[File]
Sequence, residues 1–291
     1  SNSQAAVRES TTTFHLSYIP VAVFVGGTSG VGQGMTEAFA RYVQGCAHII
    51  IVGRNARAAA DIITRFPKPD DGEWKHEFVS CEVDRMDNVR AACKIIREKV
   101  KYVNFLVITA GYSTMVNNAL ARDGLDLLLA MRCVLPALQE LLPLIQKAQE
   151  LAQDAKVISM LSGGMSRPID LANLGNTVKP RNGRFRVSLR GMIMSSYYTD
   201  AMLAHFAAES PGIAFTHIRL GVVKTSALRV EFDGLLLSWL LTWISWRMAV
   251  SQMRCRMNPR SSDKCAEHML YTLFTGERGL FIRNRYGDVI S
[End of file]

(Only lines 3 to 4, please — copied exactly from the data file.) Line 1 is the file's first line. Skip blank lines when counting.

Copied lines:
    51  IVGRNARAAA DIITRFPKPD DGEWKHEFVS CEVDRMDNVR AACKIIREKV
   101  KYVNFLVITA GYSTMVNNAL ARDGLDLLLA MRCVLPALQE LLPLIQKAQE